Investment thesis: the company is still a buy, but due to rising Fed hawkishness in the last month, you should set clear sell-stops.
Rio Tinto (RIO) is a global leader in industrial metals mining:
Rio Tinto Group engages in exploring, mining, and processing mineral resources worldwide. The company offers aluminum, copper, diamonds, gold, borates, titanium dioxide, salt, iron ore, and uranium. It also owns and operates open pit and underground mines, mills, refineries, smelters, power stations, and research and service facilities. The company was founded in 1873 and is headquartered in London, the United Kingdom.
It is the second largest company in the “other industrial metals and mining” group according to the website Finviz.com
The overall economic backdrop of this industry is positive but softening.
First, price growth for industrial metals, while still positive, is declining:
The Y / Y percentage change in copper, aluminum, and zinc, while positive, are moving lower.
Meanwhile, the PMIs for industrial metals users are crossing over into contraction territory:
Global copper users indicated a stagnation in operating conditions in January, following 18 consecutive monthly expansions. Production levels and incoming orders were both scaled back at the quickest pace since May 2020. The lack of momentum further discouraged firms from taking on additional staff, as job shedding continued for the third straight month at the start of the year.
The Global Aluminum Users PMI ™ fell into contraction territory for the first time since June 2020 at the start of 2022, as firm pointed to renewed and modest reductions in production levels and new orders.
Global steel users reported that output and new orders had returned to contraction territory in January after renewed expansions in December. Muted demand conditions led to a modest fall in sales, which was nonetheless the quickest seen since May 2020. As a result, job shedding was reported for the first time in just over a year.
More broadly, however, global manufacturing is still expanding:
The start of 2022 saw the rate of expansion in global manufacturing production ease to its weakest pace during thecurrent19-monthupturn. The slowdown reflected weaker growth of incoming new work, declining international trade volumes, supply chain disruptions and rising COVID-19 infections (in part due to the Omicron variant).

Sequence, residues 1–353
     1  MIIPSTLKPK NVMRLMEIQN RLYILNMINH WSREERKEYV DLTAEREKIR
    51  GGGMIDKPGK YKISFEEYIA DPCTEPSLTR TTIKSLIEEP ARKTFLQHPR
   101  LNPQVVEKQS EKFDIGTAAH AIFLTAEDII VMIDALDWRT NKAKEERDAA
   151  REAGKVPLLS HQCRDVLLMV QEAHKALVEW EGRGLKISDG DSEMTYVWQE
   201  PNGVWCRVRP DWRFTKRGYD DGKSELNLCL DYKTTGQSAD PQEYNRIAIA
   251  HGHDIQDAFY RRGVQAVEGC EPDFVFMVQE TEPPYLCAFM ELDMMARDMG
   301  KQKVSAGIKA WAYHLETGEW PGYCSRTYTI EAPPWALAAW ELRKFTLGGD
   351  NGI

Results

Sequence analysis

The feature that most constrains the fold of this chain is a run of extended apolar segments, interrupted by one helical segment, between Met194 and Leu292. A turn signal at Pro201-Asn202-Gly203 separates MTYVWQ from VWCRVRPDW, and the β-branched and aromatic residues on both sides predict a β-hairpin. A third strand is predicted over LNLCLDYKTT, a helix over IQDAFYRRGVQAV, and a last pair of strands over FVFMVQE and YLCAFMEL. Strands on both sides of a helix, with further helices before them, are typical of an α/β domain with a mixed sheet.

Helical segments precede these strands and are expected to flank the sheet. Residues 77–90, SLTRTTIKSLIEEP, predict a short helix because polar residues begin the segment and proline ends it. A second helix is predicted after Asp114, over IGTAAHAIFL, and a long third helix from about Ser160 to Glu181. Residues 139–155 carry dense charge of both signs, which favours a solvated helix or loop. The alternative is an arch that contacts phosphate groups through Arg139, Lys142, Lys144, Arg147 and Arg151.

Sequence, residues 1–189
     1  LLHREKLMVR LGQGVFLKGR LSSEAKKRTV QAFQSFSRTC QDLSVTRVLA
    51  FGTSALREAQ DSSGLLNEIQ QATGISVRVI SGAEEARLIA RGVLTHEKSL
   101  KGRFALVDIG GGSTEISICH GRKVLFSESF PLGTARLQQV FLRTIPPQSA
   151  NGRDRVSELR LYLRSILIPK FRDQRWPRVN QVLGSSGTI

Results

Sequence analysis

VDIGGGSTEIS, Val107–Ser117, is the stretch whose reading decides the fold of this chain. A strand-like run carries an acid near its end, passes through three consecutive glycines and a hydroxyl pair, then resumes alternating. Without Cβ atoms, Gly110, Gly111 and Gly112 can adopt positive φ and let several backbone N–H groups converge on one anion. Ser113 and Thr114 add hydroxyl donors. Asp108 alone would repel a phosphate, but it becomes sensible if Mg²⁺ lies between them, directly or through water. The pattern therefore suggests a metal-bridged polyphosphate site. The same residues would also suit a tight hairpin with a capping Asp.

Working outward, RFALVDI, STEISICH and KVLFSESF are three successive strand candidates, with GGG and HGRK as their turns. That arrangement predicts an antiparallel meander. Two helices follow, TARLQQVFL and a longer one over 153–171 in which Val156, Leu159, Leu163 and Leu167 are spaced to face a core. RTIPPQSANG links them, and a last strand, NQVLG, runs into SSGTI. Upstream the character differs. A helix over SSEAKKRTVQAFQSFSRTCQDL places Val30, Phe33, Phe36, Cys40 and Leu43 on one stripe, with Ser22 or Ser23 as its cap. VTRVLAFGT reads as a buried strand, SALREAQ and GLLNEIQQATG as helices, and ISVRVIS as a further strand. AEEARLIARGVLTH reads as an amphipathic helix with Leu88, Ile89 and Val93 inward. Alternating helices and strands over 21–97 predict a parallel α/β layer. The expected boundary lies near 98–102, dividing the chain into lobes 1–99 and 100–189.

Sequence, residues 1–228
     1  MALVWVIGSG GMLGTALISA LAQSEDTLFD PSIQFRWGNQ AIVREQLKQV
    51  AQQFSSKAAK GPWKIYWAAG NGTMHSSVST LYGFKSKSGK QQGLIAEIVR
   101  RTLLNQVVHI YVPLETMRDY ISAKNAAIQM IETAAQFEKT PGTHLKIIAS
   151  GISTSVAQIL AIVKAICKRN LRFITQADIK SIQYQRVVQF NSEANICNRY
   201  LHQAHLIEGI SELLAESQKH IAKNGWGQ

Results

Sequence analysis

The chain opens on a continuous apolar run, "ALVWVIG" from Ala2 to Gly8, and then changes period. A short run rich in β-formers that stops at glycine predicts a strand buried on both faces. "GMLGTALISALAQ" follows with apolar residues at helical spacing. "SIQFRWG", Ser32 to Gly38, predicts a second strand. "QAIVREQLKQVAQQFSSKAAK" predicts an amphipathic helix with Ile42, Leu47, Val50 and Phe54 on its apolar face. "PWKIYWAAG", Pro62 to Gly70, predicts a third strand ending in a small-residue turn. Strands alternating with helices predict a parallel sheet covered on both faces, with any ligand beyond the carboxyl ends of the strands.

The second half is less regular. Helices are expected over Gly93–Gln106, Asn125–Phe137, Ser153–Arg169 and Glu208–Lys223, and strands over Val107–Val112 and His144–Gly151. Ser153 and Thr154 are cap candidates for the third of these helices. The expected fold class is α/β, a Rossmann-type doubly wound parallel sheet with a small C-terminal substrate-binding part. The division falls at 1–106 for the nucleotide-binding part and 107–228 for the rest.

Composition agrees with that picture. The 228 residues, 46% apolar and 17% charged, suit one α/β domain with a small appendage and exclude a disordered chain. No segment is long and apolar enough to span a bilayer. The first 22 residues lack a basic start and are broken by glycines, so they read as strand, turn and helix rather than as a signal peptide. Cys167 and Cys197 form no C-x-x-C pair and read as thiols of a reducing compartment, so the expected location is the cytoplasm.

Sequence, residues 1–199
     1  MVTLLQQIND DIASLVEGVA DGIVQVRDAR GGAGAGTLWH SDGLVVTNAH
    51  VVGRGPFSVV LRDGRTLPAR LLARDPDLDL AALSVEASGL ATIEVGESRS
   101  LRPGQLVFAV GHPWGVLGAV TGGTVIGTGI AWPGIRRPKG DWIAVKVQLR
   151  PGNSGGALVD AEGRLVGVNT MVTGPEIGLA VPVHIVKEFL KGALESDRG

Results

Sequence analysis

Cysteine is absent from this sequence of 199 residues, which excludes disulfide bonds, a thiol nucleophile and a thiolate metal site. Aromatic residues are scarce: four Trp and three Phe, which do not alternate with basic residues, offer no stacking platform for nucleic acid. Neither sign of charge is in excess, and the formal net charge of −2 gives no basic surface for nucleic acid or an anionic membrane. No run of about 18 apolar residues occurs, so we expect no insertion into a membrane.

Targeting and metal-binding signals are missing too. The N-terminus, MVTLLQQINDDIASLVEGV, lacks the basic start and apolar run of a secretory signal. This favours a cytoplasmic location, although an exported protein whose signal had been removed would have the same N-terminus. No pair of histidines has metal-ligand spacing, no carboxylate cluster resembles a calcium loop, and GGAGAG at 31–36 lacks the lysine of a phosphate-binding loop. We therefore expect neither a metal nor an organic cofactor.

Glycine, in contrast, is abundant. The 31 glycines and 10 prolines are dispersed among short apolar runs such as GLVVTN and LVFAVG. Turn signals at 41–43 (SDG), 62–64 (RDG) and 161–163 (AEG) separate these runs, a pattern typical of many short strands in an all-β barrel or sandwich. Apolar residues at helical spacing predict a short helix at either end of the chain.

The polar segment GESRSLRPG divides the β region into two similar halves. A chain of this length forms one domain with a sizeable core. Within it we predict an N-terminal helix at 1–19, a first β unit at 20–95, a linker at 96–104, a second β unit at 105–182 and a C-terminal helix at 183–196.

The JPMorgan Global Manufacturing PMI ™ – a composite index produced by JPMorgan and IHS Markit in association with ISM and IFPSM – posted a 15-month low of 53.2 in January, down from December’s five-month high of 54.3. The PMI has signaled growth for 19 successive months.
What we’re likely seeing is the cumulative effect of the continued Covid issues (absenteeism, difficulty in filling jobs, price pressures) combined with rising rates from several central banks.
This has not yet shown up in Rio’s financial data.
Rio’s gross revenue is still showing strong growth.
Rio’s gross, operating, and net margins are at very strong rates.
The company has ample cash flow to pay its dividend:
The above table combines data from the revenue and cash flow statement. The third line shows the amount of cash the company has after making investments. This number has been positive in all years but 2012. The fifth line shows the amount of cash after paying dividends, which has also been positive in all years but 2012. Finally, I included the total amount of cash after paying dividends from EBT, which has been positive in 8 of the last 10 years.
Finally, let’s look at the charts:
The weekly chart (left) shows a rally that started last fall. The daily chart shows the rally in more detail. Prices are now over all the EMAs and there has been a solid volume surge this year pushing the stock higher.
I first wrote about this company on January 11 when the stock was trading in the lower 70s. It’s now in the upper 70s. I still like it, but now with a cautionary note: in the last month, US central bankers have issued a number of statements which all point to higher interest rates. What really caught my attention recently was St. Louis President Bullard’s statement arguing for a full point increase by the summer:
-St. Louis Federal Reserve President James Bullard said on Thursday that he has become “dramatically” more hawkish in light of the hottest inflation reading in nearly 40 years, and he now wants a full percentage point of interest rate hikes over the next three US central bank policies meetings.
Bullard has been a very dovish for most of the time I’ve been following him. That statement is a big change in tone worth keeping in mind.
This is still a buy, but keep a close eye on the Fed. The central bank may be poised for surprise moves which could hurt this rally.